No administration has embodied credentialism as thoroughly as the current one. Of Obama’s first thirty-five cabinet appointments, twenty-two had a degree from an Ivy League university, MIT, Stanford, the University of Chicago, Oxford, or Cambridge. No one would advocate staffing the country’s ministries with wealthy imbeciles, as was the custom under George W. Bush; but the President — a meritocrat himself — has succumbed to what might be called the “complexity complex,” which leads us to assume that public policy is so complicated that you need a stack of degrees to figure it out. But major political questions are rarely complex in that sense. They are much more likely to be complicated, in the Avril Lavigne sense, meaning that they involve reconciling disagreements among competing stakeholders — or, as the situation may demand, ratcheting them up.


Death by Degrees

(via Making Light)

(Image: Stats about student debt, a Creative Commons Attribution Share-Alike (2.0) image from siwc’s photostream)


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Clientless BitTorrent downloads in your browser, using Javascript

BitTorrent Labs have released the alpha version of their “OneClick Chrome Extension,” a Javascript-based Web app that obviates the need for a separate BitTorrent client. Using their plugin, you can download BitTorrent files as though they were regular, server-hosted downloads. As Patrick Williams explains in a blog post on GitHub,


I stumbled upon the Chrome Extension webRequest api that gives you access to all the http headers for requests in Chrome. Which meant that not only could I filter for .torrent file requests, but I could go one step farther and just wait for a server to serve up a file with the application/x-bittorrent mime type before springing into action. I immediately slowed my ascent up Balmers peek, declined the co-worker invite to Zeitgeist (apparently it was quite the evening), and dove in.

Writing Chome extensions is actually fairly simple. Despite my failure to deliver on the foolishly bold claim I made to Art, saying that I’d have OneClick rewritten as a extension before he left for the day, it really wasn’t too much work. Their getting started page is really precise, and their documentation and examples are really thorough, especially for webRequests.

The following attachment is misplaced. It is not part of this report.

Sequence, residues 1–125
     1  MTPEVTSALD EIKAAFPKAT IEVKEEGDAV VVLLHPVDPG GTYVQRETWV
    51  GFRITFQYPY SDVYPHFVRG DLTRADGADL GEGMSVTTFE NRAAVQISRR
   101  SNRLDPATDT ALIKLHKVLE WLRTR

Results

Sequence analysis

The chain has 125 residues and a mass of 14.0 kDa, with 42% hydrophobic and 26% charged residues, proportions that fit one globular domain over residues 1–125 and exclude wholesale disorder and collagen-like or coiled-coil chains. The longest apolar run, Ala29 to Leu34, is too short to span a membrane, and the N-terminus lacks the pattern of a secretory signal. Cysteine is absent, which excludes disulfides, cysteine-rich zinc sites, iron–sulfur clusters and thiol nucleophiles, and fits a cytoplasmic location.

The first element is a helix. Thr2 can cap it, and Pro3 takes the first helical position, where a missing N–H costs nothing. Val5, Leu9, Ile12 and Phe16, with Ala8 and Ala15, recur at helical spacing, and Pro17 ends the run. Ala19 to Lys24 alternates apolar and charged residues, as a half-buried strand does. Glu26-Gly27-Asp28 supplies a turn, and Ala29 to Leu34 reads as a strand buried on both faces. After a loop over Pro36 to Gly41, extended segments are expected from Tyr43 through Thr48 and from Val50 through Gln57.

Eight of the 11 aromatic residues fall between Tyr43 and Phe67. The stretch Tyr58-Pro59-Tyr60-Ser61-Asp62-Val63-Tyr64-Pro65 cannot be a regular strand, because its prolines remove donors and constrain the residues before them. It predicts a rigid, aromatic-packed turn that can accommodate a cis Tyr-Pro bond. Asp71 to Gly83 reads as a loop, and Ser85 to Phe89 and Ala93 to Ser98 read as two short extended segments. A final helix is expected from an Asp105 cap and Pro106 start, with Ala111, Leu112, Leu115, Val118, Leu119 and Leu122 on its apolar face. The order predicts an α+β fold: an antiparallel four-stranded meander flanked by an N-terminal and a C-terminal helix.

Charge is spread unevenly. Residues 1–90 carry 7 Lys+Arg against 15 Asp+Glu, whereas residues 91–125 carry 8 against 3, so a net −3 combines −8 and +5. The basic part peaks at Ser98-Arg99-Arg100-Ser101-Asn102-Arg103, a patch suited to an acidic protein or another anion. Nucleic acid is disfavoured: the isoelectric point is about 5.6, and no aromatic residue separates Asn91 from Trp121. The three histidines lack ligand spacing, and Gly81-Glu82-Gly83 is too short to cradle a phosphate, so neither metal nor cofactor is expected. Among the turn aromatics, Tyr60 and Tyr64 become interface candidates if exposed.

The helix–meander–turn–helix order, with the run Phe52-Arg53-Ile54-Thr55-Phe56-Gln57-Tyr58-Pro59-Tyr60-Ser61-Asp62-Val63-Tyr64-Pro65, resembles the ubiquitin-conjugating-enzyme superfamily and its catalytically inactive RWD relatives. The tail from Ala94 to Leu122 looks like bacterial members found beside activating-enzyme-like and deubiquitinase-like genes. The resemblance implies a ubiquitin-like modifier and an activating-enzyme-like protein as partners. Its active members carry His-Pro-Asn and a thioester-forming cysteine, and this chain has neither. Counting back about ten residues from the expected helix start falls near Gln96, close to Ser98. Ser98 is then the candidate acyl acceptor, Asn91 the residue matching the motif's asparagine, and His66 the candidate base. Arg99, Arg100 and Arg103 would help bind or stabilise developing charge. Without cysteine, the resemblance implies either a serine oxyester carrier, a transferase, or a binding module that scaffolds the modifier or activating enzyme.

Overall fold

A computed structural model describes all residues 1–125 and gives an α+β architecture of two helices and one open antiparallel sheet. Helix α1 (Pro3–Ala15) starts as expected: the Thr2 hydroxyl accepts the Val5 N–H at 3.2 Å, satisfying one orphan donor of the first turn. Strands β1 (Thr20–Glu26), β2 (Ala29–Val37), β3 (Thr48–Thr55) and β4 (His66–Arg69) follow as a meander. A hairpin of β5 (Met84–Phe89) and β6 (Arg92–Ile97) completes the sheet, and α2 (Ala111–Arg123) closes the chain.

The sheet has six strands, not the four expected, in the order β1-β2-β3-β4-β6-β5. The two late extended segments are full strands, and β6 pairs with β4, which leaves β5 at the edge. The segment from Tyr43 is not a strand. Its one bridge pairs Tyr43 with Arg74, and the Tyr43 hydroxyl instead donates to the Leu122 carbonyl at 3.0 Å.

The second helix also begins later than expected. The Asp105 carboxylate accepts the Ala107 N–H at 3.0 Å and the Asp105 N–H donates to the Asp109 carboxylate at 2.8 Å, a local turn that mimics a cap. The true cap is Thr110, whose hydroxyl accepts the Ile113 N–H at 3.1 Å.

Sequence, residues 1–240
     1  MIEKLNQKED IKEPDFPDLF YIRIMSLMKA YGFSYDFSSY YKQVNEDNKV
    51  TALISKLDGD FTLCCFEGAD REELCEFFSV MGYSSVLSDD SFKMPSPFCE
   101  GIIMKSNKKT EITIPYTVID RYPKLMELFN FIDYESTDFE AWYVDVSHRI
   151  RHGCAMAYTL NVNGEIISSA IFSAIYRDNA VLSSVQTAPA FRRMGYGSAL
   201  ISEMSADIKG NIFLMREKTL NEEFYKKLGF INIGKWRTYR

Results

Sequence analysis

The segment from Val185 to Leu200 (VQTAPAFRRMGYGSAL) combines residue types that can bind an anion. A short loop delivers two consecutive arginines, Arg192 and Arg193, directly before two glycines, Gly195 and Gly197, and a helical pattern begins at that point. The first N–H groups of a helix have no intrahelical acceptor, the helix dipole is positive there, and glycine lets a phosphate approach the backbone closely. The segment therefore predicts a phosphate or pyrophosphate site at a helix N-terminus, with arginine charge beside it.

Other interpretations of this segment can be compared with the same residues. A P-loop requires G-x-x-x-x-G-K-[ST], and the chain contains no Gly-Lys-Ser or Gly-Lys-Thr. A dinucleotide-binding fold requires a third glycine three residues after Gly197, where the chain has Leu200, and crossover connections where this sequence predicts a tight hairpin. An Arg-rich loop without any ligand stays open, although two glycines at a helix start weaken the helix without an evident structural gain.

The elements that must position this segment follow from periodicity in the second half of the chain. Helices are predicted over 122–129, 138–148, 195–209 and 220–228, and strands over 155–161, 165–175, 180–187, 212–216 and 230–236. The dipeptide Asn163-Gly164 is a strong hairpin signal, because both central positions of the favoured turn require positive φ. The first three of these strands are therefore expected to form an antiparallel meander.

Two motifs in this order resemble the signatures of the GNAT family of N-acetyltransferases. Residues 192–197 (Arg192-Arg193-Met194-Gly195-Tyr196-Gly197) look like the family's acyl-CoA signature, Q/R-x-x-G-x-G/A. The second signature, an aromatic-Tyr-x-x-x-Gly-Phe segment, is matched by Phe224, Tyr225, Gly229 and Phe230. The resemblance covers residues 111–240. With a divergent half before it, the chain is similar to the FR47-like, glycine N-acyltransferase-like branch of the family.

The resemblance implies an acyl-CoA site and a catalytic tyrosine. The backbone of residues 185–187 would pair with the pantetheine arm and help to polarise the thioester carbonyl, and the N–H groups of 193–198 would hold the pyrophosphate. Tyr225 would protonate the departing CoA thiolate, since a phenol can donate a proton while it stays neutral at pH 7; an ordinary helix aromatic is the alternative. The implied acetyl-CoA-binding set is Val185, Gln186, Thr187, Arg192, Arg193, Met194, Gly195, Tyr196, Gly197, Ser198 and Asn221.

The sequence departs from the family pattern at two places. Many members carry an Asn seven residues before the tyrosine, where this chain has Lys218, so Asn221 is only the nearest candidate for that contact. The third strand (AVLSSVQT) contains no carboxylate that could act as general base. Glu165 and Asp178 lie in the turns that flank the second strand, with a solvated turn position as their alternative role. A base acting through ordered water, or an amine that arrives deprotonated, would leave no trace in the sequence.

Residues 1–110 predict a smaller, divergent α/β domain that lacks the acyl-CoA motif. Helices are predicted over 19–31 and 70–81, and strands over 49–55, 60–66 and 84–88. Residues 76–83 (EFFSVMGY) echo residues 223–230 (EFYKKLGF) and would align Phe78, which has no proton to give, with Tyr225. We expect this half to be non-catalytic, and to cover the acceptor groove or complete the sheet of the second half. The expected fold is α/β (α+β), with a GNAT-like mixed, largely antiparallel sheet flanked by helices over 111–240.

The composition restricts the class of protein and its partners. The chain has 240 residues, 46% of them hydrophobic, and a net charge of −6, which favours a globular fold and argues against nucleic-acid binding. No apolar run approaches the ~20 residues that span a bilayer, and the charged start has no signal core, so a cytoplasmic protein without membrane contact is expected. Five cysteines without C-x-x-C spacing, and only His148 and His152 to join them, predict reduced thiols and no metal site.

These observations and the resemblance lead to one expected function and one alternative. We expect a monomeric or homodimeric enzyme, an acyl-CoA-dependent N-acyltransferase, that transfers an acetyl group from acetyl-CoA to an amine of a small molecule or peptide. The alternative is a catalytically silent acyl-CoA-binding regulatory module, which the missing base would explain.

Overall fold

OneClick Chrome Extension

(via Engadget)


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Movies, TV and yes, toys, draw fans to Comic-Con

In this July 5, 2012 photo, the Marvel Universe S.H.I.E.L.D. Super Helicarrier, at center with a Captain America figure on the foredeck, is seen with, from left background, a DC Comics Vertigo Death figurine, the Polly Pocket DC Comics Villain set, and a Dana as Zuul "Ghostbusters" figure, all special-issue Comic-Con 2012 collectibles, shown in Los Angeles. The annual four-day Comic-Con festival runs July 12-15, 2012, in San Diego. (AP Photo/Reed Saxon)Football fans have the Super Bowl. Soccer enthusiasts have the World Cup. Cinephiles have the Academy Awards.

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Zombie T-Rex tattoo

Megan, a cake designer, sports her wonderful zombie/T-Rex tattoo. It was inked by Jeff Addz at Generation X in Daytona Beach, Florida, who worked freehand.

Zombie T-Rex Tattoo Shoulder Tattoo

(via Geekologie)


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Library in abandoned house


I’m very taken with James Charlick’s photo, “The Grand Library,” shot in an abandoned house during an urban exploration expedition.

The Grand Library


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Scientology memo asks members to censor critical web comments with trumped up "code of conduct" complaints

An internal memo from Scientology’s “Office of Special Affairs” (notorious for being a dirty tricks bureau) asks adherents to the faith to find message-board comments on stories about Tom Cruise and Katie Holmes’s divorce that criticize the church and try to have them censored by complaining about violations of online services’ “codes of conduct,” which typically prohibit “inciting religious hatred.”

Well, I am not somebody that I am going to simply stand and watch a
bunch of uninformed people putting my religion under the carpet. So
here is a simple hatting on how you can causative fight back and at
the same time stand up and defend our religion on the internet.

Microsoft or Google or any of these big online company require that
each person when create an account with them follow a Code of
Conduct when they are on the internet. If there are abuse of such
Code of Conduct, those website do actually invite you to report the
matter to the Moderator — in other word, write the matter to
Ethics.


Blogger: Scientology group asks followers to censor Web comments

(Thanks, Marilyn!)